Published: December 8th, 2022
Paraguay’s planned regulatory regime for the crypto mining industry hit the wall this week when legislators cancelled the country’s ‘crypto law’.
The legislation would have established a tax and regulatory framework for firms undertaking crypto mining in the country, but politicians decided to shelve the enacting bill after months of back-and-forth debate. The crypto law had already received a setback in August when President Mario Abdo Benitez vetoed the bill amid opposition claims that BTC mining consumed too much power and brought only minimal economic benefits to the country.
That move was then countered by pro-crypto senators who proposed a comprehensive rulebook to regulate the industry, which currently operates in a legal grayzone.
Fast forward to Monday, 5th December, when Paraguay’s lower house of parliament voted against enacting the bill, leaving it in legal limbo.
The proposed legislation would have capped electricity rates for mining operations while creating a consistent tax rate for the industry.
Electricity in hydro-rich Paraguay is plentiful and cheap, making it attractive to Bitcoin miners who consume it by the terawatt in order to keep the Bitcoin blockchain operational. But despite having the legislation sidelines, some of the country’s blockchain leaders weren’t unhappy with the result.
Luis Benitez, secretary Blockchain Association of Paraguay, told the press that ‘sanity had prevailed.’ He added that the crypto industry was working with lawmakers to educate them on how the industry should be regulated. The hope is that a better bill can be drafted that’s more aligned with the current state of blockchain technology and maturing crypto services like DeFi.
Want it means for the big mining outfits preparing to set up shop in the South American country remains to be seen. Canadian giant Bitfarms said last year that it would expand to the country thanks to a five-year power purchase agreement (PPA) that secured the price and volume requirements for the facility.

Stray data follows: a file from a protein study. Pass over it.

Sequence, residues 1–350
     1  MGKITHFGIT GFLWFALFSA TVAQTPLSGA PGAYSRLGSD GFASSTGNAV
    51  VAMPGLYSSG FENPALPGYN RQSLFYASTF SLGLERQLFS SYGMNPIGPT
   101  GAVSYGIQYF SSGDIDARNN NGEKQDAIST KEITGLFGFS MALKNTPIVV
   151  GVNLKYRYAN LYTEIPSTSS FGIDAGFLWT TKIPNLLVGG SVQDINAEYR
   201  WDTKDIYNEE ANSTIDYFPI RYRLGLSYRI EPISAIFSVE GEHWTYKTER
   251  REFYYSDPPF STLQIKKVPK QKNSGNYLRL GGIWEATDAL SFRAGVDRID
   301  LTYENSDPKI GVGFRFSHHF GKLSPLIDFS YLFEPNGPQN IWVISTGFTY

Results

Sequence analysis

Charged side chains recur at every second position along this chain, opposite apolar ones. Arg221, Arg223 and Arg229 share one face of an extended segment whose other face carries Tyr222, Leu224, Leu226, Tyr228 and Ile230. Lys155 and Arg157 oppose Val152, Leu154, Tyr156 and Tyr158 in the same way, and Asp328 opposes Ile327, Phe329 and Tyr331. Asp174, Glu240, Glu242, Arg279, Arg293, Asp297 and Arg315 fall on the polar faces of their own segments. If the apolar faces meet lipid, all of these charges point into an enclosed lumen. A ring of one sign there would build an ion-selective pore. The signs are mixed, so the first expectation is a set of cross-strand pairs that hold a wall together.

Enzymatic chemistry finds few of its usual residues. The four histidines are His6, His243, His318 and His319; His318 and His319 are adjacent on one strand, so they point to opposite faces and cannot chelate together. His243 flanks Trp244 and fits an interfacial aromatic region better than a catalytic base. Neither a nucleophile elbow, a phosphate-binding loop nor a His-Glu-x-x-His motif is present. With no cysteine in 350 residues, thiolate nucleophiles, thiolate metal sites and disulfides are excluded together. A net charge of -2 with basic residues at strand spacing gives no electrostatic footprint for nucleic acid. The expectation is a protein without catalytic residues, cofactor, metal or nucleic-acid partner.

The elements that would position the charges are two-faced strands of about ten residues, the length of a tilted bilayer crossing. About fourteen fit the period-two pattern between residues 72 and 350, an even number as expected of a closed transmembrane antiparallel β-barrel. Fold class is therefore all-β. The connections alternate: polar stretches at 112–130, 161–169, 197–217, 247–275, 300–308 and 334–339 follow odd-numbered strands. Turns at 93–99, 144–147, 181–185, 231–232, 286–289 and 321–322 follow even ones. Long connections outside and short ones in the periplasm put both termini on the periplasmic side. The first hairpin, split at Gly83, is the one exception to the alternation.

Even before the FTX meltdown, other crypto-friendly jurisdictions were re-thinking their legal embrace of digital currencies.
As far back as May, Portugal’s reputation as a tax haven for crypto investors took a hit when the country's finance ministry announced that crypto assets will soon be subject to capital gains taxes.
The news marked a sharp change in Portugal’s stance toward crypto. The country has treated cryptocurrency trades like cash transactions rather than investments, excluding crypto from capital gains taxes by definition.
Because the previous tax rate was effectively zero, Portugal had established a reputation as one of the most attractive jurisdictions on the planet for crypto investors. Lisbon became a global crypto hub as a result.
Perhaps because of the level of tech and private investment crypto has attracted to the country, Portuguese officials were keen to avoid framing the shift as a departure from business-friendly policies. Rather, they said, lawmakers were simply regulating crypto as they’d always intended. The government wanted to observe how other countries were adapting taxes and regulations to ensure Portugal's policy decisions were in sync with others.